Kelle Groom

More Nights Than Days and Turn It Up
August 23, 2023 Groom Kelle



At the end of my street, they cut the trees.
It took a long time, the road dirt
for my childhood, forest backing
away.  After the rain, we tried to float
on a piece of plywood across the flood
to reach the woods, but it sank immediately,
needing a shape. We lived under the roof
of trees, hauled spools from the dump
to make a table, chairs, drank apple
juice like cold tin. We had a broom
and swept the dirt. The ones who spoke
were green, we waved from underneath
their river, thriving there. The palm tree
that was a street in Hawaii and in
Cocoa Beach where all I had to
do was watch the waving fronds
like my hair gently lifted in wind
I never counted, sun shaking me awake
on white sheets, shining like my grandmother
on the child I was, unafraid to wake up.
The cat I’d seen after the hurricane,
a house blown down, dumpster in the drive.
How could the owners have left a cat?
She seemed bound to the house, thin,
a paper cat, make-believe, matted,
her fur almost burnt, and she came
when I called, no food on me, so I went home,
got the package saved for a feral black
cat who came to me too, and drove around
until the injured cat appeared, as if she knew me
even in my car.  I sprinkled food on the sidewalk,
fat cats just next door on a porch. It’s her
I think today, who walks away until I call,
and it is like I’ve called her by her name, running
to me, rubbing my leg, jumping in a big bounce
over an invisible hoop, showing me she is well,
happy. The trees always lean down, touch my
forehead like a mother a child in sleep. A woman
running stopped and spoke to me, but I
felt nearly unrecognizable. At the grocery
a man almost ran into me asking how can
I have so much hair when he is so good
looking and bald? The night came down
around me, and I remembered Charles Simic
said it seemed there had been more nights
than days. The night so quiet, waiting
for me to remember how to enter the dark,
how to close my eyes to music until I’ve danced
through the roof, sweating away all the sewn
cloth, as if I’d settled for a life inside
a chimney, scraping my elbows on the dirty
brick when my body could set fires,
enter a storm, turn away from the workplace
by reversing the magnetic poles toward
the boats everyone has to take, a little
bundle on the longest railway, the fastest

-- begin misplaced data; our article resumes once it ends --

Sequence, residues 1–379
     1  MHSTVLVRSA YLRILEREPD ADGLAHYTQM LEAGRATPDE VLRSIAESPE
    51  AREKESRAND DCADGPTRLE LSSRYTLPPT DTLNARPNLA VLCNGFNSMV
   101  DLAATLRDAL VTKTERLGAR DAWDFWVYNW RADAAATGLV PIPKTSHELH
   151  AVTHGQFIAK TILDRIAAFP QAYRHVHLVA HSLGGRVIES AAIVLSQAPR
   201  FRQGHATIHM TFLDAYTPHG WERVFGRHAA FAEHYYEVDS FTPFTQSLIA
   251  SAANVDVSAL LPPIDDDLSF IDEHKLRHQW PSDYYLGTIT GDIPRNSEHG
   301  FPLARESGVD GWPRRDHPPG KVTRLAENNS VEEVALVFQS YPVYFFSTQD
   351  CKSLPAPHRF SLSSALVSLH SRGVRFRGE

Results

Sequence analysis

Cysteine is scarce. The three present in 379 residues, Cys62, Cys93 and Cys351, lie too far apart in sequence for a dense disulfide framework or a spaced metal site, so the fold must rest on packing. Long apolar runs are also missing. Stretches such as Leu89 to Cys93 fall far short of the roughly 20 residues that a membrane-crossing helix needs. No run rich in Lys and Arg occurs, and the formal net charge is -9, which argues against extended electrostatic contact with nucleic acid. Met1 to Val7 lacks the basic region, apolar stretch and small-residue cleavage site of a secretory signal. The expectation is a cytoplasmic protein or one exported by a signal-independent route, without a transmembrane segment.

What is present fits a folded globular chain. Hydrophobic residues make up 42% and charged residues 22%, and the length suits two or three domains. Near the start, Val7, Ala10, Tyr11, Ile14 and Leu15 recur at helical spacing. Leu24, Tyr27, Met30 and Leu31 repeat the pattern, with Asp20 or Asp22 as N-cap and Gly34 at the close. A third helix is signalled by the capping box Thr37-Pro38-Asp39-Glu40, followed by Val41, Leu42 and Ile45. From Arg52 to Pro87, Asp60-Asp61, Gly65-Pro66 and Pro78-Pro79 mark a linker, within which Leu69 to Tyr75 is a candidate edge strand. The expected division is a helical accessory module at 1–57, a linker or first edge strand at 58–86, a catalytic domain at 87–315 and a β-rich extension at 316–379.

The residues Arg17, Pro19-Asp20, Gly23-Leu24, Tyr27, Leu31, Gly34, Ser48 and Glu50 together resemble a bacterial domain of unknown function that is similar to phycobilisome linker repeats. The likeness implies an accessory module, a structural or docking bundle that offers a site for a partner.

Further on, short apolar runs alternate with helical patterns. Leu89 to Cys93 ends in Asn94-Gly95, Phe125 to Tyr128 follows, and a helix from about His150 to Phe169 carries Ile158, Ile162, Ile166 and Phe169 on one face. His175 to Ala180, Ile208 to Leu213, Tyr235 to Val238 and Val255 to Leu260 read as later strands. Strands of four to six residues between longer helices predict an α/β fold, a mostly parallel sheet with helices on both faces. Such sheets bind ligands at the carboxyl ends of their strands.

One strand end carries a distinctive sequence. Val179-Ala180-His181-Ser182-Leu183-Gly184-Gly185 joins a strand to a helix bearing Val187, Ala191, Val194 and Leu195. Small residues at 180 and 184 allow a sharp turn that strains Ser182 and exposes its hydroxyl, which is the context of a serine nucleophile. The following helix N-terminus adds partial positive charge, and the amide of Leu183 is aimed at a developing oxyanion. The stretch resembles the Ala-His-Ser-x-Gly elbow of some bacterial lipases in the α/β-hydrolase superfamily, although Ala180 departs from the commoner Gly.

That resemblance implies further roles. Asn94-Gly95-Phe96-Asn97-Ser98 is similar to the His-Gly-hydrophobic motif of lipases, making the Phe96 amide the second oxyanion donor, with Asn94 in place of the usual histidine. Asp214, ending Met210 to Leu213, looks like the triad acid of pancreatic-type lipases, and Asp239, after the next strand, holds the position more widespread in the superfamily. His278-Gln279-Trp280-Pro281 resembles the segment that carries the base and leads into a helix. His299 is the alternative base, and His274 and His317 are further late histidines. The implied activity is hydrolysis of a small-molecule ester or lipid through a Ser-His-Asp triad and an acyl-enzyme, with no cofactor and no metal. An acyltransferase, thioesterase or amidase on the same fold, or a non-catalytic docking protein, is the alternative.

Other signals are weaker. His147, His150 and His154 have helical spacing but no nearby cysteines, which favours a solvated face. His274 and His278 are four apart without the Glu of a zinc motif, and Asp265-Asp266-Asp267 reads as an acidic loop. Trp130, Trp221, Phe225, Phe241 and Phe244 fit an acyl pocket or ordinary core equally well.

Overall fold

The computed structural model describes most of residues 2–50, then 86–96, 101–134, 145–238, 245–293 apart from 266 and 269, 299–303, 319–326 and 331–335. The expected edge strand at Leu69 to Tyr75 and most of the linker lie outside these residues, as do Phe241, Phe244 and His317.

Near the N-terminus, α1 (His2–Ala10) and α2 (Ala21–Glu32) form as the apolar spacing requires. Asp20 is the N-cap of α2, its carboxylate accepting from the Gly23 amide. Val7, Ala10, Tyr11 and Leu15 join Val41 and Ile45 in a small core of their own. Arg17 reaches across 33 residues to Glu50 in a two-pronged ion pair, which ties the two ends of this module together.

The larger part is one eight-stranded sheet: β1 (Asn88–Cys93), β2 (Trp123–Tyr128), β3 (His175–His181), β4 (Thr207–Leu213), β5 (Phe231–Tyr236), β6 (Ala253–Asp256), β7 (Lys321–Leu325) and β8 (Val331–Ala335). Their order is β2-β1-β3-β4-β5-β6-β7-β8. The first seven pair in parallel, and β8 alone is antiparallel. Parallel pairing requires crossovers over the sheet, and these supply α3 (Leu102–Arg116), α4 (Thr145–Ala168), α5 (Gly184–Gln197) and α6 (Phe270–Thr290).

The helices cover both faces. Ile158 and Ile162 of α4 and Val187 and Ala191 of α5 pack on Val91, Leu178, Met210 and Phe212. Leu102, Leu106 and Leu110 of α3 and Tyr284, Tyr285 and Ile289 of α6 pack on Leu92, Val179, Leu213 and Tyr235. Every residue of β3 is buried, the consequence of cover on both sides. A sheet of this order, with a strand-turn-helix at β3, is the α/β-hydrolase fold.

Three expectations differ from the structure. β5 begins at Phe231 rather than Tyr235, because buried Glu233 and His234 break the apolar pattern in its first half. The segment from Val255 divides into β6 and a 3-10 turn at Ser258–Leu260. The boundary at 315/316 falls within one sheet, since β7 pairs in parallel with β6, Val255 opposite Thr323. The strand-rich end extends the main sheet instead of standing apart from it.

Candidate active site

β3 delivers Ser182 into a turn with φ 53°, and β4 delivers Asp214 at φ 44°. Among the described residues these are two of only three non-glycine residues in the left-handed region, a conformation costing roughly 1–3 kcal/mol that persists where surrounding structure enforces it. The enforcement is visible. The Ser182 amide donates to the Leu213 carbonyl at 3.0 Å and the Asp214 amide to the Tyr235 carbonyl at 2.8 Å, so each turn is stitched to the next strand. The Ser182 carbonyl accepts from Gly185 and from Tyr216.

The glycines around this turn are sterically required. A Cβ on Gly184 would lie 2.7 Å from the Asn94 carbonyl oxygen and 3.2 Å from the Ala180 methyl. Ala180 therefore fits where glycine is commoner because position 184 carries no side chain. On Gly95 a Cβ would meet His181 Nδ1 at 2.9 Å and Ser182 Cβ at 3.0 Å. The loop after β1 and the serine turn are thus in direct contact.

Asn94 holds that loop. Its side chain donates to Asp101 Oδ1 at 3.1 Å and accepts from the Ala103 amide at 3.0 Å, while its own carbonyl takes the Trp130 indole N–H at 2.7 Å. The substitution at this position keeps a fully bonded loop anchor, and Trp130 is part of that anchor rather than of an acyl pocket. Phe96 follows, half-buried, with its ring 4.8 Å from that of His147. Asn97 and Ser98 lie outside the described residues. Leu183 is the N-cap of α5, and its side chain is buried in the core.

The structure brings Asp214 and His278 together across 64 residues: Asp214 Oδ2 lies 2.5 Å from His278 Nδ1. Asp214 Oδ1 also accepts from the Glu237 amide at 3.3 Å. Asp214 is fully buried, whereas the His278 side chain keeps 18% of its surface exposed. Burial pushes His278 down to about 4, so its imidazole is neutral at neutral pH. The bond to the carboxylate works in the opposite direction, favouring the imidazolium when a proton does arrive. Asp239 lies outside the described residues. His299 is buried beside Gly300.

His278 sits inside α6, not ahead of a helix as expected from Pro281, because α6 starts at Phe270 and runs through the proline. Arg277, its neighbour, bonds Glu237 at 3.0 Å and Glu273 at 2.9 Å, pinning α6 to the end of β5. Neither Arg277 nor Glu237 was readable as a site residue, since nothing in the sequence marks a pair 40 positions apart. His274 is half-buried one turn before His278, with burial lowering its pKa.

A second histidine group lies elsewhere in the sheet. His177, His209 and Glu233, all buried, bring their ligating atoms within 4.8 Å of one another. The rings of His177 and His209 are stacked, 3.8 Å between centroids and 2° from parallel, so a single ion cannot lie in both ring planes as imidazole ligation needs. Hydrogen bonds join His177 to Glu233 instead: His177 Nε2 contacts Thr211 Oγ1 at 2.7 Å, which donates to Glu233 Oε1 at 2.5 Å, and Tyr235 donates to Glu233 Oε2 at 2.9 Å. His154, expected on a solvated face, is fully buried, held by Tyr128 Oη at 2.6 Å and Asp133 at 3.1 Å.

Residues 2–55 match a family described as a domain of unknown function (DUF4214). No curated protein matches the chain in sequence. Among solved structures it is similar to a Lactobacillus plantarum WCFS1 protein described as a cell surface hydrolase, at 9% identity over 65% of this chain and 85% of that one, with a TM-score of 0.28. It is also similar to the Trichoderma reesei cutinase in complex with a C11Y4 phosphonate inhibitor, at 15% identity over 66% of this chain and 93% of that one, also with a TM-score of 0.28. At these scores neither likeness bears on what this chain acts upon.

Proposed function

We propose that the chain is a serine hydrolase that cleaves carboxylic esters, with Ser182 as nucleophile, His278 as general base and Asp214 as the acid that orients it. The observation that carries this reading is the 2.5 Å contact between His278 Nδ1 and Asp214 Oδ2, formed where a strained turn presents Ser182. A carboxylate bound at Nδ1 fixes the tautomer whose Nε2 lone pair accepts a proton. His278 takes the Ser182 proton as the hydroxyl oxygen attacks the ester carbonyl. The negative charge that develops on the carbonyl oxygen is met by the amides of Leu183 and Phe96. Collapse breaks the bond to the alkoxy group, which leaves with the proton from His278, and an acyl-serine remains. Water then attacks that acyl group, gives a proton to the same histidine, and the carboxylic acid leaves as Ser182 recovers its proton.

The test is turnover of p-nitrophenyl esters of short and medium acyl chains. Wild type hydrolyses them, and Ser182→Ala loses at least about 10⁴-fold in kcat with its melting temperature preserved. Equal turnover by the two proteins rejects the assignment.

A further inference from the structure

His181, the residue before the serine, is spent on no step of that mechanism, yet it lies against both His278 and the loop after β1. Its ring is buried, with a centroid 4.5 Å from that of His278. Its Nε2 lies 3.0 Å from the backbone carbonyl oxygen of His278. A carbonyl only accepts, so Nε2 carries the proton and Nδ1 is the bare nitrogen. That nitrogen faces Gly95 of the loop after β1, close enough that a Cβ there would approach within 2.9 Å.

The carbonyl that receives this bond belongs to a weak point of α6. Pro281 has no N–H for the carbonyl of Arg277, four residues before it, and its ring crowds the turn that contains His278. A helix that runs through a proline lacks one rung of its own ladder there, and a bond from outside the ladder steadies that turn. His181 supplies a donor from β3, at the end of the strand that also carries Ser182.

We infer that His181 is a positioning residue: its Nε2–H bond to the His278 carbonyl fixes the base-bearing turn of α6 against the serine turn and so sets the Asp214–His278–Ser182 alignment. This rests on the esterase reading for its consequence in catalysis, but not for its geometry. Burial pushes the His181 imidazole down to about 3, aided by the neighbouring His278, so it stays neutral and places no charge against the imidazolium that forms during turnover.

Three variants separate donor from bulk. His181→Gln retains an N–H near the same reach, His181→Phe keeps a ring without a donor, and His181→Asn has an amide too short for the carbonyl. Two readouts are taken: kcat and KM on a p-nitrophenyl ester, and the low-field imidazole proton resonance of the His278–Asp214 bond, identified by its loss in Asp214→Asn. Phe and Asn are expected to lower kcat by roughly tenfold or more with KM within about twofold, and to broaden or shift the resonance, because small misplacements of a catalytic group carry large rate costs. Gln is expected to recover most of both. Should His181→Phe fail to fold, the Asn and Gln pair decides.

train, all the laborers called dancers,
the ground trembling as if it will open.




            after Tony Hoagland


I walk into the grass to see who is hoo-hooing
From inside heard an owl but it’s coming from the Garbordy
Canal across the street trees hiding the brown water
I’d have to get closer but it is likely a watery bird
with white feather crown or big wide wings a cloak
like religious men from the long dead past
The highway wind screeching I hear every ambulance
and always hope it’s not for you keep the door open before
dark a breeze even though I saw the alligator at dusk crawl
from the canal across our little street on its little legs
like something you could pop off the bottom of a divan
davenport heading for my unknown
neighbor’s house no one lives here all the time cars come
go  I’m here when a strange man comes at dusk blocks
my car door so that I can’t get out says I’m not trying to scare
you fuck fuck FUCK fuck fuck criminal fuck lock your doors before
he walks away  Imagine the alligator on the settee the put-you-up day
bed the night bed I still have the door open termites raining black
on sills wasps daub mud buzzing clay eaves who even knows
what’s underneath  The black cat does has found a way to live
with me footsteps reverberating like the bass booming by
shaking my heart we’re all so close a man
coughed outside my bedroom window at 1 AM standing
in the vacant lot  It’s just a hairline crack in my glass
ice overshot craquelle crackle  Charcoal from a winged
thing what do I shed if handled thrown out  After two years inside
my friend Terri asked do I even need friends anymore  The Whirlpool
Galaxy is only 31 million light years away a washing machine in the sky
Yesterday chills tonight burning turn it up turn it up turn it up

Kelle Groom is the author of the memoir, I Wore the Ocean in the Shape of a Girl (Simon & Schuster), a Barnes & Noble Discover selection, New York Times Book Review Editor’s Choice, and a Library Journal Best Memoir. An NEA Fellow and Massachusetts Cultural Council Fellow, Groom’s work appears in AGNI, American Poetry Review, Best American Poetry, New England Review, The New Yorker, New York Times, Ploughshares, Plume, and Poetry, among others. Her four poetry collections include Underwater City (University Press of Florida), Luckily, Five Kingdoms, and Spill (Anhinga Press). Her forthcoming memoir-in-essays, How to Live will be published by Tupelo Press in October 2023. Groom is a nonfiction editor at AGNI Magazine and lives in New Smyrna Beach, Florida.